Sussex County YMCA DiabetesMichelle has been a Y member since 2006 and has always loved working with kids. When there was an opening available in the child watch room, she didn’t hesitate to apply as this was an opportunity to combine her love for the Y and kids.

Michelle is a part-time employee now. “She is a dedicated employee to the Y and a true asset to parents”, said Edith Lynch, Membership Coordinator.

It was a normal day for the Theobald family. The family are frequent visitors to the Y. On this particular day, Dad was going to the Y for a workout and their 2 year-old daughter, Meghan was headed to the child watch area to run and play. Michelle was excited to see Megan as they often have fun when they play together. Michelle noticed after a few minutes of Meghan being there, that something didn’t feel right about how Meghan was behaving. She was laying down, acting tired, erratic breathing, and not talking much.

With a recent bachelor degree in nursing, Michelle knew she needed to alert her father. The father came right away and picked up Meghan and got her ready to leave.

The following day, both parents came to the Y to thank Michelle. They had taken Meghan to the emergency room after leaving the Y and she was then diagnosed with Diabetes. The quick response by Michelle and the Theobald’s had saved Meghan’s life. The ER doctor had said had it not been for your quick action, Meghan may not have made it through the night.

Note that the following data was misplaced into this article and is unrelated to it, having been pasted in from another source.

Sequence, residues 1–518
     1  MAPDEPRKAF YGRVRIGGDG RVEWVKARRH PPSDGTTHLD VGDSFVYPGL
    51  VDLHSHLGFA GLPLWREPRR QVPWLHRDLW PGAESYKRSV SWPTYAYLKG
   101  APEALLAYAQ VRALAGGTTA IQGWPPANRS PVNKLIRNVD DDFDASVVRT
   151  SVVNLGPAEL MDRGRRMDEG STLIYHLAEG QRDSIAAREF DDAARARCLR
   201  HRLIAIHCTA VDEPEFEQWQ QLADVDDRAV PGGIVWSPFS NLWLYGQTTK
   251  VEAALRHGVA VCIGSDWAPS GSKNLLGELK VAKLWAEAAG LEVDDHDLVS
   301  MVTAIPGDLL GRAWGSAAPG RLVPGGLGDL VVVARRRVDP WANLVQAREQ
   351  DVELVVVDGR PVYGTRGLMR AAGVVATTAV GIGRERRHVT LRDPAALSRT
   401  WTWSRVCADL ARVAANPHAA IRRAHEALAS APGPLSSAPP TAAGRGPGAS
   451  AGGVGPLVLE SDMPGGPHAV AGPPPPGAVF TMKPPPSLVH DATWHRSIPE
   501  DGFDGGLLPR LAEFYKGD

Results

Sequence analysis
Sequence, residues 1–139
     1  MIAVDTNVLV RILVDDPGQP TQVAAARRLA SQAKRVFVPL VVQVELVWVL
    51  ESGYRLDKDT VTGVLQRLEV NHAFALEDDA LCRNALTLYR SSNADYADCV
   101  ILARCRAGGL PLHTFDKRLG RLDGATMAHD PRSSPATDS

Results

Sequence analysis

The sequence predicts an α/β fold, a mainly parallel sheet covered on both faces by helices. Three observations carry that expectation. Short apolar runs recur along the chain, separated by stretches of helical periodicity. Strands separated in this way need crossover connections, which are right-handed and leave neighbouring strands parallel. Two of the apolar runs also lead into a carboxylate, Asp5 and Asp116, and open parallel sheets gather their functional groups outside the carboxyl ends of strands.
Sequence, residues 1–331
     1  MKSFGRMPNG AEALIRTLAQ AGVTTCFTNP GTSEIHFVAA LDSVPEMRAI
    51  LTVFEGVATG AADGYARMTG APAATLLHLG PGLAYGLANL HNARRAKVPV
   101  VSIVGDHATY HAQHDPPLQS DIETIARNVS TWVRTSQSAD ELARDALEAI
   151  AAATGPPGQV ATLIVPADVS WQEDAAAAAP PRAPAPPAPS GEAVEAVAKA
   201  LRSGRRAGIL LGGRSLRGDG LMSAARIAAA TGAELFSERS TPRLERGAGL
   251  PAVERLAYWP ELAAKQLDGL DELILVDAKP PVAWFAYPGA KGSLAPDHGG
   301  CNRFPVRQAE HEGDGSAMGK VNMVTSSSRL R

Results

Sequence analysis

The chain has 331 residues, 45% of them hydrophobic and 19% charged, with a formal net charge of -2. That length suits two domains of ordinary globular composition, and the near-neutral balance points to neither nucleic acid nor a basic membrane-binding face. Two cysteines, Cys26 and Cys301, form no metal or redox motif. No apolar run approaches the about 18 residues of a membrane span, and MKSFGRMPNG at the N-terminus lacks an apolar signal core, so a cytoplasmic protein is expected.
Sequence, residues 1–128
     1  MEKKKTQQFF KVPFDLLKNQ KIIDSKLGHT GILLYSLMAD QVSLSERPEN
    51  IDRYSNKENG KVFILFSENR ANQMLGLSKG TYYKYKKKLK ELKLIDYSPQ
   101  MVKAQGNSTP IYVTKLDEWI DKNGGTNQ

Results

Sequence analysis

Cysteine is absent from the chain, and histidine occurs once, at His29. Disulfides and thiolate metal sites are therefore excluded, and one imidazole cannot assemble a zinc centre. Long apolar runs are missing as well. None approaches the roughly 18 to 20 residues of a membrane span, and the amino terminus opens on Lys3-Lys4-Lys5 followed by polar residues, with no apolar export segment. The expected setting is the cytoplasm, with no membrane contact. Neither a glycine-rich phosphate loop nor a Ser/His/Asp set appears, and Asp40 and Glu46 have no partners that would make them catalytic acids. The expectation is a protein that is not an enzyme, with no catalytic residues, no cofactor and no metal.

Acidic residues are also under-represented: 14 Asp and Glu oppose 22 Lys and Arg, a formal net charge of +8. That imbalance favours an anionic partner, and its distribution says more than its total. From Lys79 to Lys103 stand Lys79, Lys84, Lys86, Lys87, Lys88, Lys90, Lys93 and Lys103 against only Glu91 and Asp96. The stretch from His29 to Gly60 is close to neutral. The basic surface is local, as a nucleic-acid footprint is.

Learn more about the YMCA’s Diabetes Prevention Program


About Diabetes:
Children and young adults are as much at risk as older adults.

It is a common misconception that diabetes is an illness which affects only older adults, but the fact is that children and young adults are increasingly at risk of developing the disease. This is largely due to both diet and lifestyle. And, as the general belief that diabetes can only affect older adults persists, many cases in children and younger people - including expectant mothers - remain undiagnosed, leading to a delay in treatment and to the development of dangerous complications. 

Currently, one in three Americans (79 million people) has prediabetes, a condition in which a person’s blood glucose is elevated, but not high enough for a diabetes diagnosis. Only 11 percent of those with prediabetes know they have it. With awareness and simple actions, people with prediabetes may prevent the onset of diabetes.

November is National Diabetes Awareness Month, and the YMCA is encouraging everyone to learn their risks for prediabetes and type 2 diabetes, and to take preventive steps to potentially reduce their chances of developing the disease.  

You can assess your risk for prediabetes and type 2 diabetes by taking a simple test. Through this assessment, visitors can also learn how lifestyle choices and family history help determine the ultimate risk for developing the disease. Several factors that could put a person at risk for type 2 diabetes include: race, age, weight and activity level. If a person is at risk, a diabetes screening conducted by a physician can confirm a diabetes or prediabetes diagnosis.
Early detection and treatment of diabetes can decrease the risk of developing the complications of diabetes. The following symptoms of diabetes are typical. However, some people with type 2 diabetes have symptoms so mild that they go unnoticed.

Common symptoms of diabetes:
•    Urinating often
•    Feeling very thirsty
•    Feeling very hungry - even though you are eating
•    Extreme fatigue
•    Blurry vision
•    Cuts/bruises that are slow to heal
•    Weight loss - even though you are eating more (type 1)
•    Tingling, pain, or numbness in the hands/feet (type 2)


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